There’s no best time to start – it all depends on what suits your family and child.
Research tells us that the quality of a child’s early education and care is more important than the age they start or the amount of time they spend there.
Most services have waiting lists so it may be best to put your child’s name on more than one list. This may better your chances of finding a service you’re happy with. However, there may be a non-refundable administration cost to do so.
Once you’ve been offered a place, remember to take your name off the other lists so they can be kept up to date for other families.
There are many different service types available.
Other options include occasional care services, or care provided by family or friends, babysitters and nannies. However, these options are not regulated under the National Quality Framework.
To find quality approved education and care services in Australia visit - www.startingblocks.gov.au/findchildcare
Friends and family members can also be a good source of information – what do they think about the service they use?
It’s important to visit the service to meet the educators and see the facilities. Trust your instincts and don’t be afraid to ask questions.
A quality service is one that:
All approved services are being assessed and rated against a National Quality Standard (NQS). Services are given a rating for each area of the NQS and an overall rating based on these results.
These ratings are one way of helping families choose the best service for their child.
The services will receive one of the following ratings:
Services rated Exceeding in all 7 quality areas may apply to be rated Excellent.If a service is assessed and there are serious compliance issues, it is rated Significant Improvement Required. In this situation, the regulator uses penalties to make sure the service improves, or otherwise will stop the service from operating.
You can discuss the ratings with the service provider to learn how they are working to meet the National Quality Standard, even if your service has not yet been rated.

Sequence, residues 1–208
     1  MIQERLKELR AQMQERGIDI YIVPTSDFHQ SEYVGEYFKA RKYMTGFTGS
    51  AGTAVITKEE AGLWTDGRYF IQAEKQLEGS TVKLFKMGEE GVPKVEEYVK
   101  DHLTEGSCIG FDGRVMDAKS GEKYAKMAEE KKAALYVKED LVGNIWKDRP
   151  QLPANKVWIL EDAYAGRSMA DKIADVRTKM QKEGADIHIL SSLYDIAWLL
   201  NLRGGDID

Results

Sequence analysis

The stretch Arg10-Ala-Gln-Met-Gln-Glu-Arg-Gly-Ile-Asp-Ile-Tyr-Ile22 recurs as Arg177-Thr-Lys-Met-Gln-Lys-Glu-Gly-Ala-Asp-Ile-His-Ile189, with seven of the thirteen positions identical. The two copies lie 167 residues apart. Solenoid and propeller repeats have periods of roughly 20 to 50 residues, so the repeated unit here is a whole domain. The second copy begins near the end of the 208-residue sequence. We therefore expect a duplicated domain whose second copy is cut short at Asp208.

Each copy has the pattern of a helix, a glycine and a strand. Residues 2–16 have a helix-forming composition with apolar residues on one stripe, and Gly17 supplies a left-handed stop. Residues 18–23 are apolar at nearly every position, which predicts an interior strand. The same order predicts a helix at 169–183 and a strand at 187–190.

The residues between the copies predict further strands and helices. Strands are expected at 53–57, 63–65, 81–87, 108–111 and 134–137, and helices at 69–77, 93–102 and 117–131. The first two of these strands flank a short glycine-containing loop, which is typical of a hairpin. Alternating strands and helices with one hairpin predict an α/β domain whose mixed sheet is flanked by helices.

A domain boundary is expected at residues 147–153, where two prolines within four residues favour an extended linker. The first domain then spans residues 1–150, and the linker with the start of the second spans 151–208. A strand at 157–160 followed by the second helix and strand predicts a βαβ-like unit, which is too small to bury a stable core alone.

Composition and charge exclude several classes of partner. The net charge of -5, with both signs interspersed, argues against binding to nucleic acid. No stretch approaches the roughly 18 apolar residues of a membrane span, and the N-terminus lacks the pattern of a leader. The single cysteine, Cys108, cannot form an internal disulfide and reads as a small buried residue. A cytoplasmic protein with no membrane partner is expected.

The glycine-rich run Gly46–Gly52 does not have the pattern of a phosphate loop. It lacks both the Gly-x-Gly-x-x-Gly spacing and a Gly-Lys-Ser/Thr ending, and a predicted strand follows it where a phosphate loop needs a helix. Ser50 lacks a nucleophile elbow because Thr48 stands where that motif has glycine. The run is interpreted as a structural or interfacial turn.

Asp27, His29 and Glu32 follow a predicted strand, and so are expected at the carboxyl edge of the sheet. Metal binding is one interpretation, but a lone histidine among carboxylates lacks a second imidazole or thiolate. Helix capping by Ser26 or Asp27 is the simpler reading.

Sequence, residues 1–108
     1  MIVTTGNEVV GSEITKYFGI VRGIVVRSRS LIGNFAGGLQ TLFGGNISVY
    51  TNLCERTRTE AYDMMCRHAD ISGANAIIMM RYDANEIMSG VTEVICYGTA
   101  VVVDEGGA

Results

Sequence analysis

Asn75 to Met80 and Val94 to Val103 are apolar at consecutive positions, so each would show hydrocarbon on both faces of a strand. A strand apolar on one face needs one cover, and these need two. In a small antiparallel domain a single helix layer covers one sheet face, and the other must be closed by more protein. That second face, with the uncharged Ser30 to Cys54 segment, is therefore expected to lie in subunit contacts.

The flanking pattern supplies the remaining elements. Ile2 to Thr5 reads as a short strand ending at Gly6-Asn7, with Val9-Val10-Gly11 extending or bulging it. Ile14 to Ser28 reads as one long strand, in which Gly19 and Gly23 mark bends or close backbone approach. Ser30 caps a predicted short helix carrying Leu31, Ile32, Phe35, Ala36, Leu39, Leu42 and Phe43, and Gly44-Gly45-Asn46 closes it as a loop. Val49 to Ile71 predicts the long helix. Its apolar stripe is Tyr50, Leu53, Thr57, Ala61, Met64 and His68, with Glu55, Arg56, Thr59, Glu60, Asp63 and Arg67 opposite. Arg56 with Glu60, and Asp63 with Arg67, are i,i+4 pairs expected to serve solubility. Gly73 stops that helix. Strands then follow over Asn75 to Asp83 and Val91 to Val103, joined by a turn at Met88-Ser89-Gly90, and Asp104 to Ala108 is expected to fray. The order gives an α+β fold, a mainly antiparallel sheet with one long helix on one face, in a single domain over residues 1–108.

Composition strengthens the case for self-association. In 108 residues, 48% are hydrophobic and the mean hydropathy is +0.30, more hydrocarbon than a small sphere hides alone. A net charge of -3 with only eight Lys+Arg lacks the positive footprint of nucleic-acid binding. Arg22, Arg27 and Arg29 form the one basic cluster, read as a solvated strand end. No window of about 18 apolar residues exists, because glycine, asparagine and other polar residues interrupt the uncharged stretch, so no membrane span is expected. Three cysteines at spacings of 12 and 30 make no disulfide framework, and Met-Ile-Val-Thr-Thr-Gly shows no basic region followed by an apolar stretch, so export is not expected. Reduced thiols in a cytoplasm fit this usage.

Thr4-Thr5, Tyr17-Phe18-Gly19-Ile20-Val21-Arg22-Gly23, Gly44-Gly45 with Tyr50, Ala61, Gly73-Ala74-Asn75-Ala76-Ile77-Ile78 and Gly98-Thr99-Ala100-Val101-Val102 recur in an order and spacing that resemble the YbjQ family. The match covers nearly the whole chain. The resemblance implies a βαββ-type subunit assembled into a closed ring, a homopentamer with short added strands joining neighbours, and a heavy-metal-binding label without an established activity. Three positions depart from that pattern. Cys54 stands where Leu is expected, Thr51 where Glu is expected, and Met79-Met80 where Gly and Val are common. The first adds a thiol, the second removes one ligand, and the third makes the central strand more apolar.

Find your nearest quality rated service at: www.startingblocks.gov.au/findchildcare
Once the service offers your child a place, they will guide you through the enrolment process.
You may be asked to provide the following:
Orientation usually takes place before your child starts.
It provides time for you, your child and the educator to get to know each other - what are your child's needs, interests, culture and routines.
It gives your child a chance to explore their new environment. They can begin to develop a relationship with staff, and meet other children at the service with the security of having you close by.
Services often provide a handbook to families at orientation time. The handbook may include information about the service, the educators, opening hours, and policies on issues such as holidays, health and safety, managing illness and fees.
The orientation visit is a good opportunity to ask questions and build a relationship with the educators and staff at the service.
Starting early childhood education and care can be an emotional experience for both you and your child.
Children can often experience some difficulty settling into a new environment, particularly if they find it hard to separate from family or familiar caregivers.
Here are some suggestions to help support your child: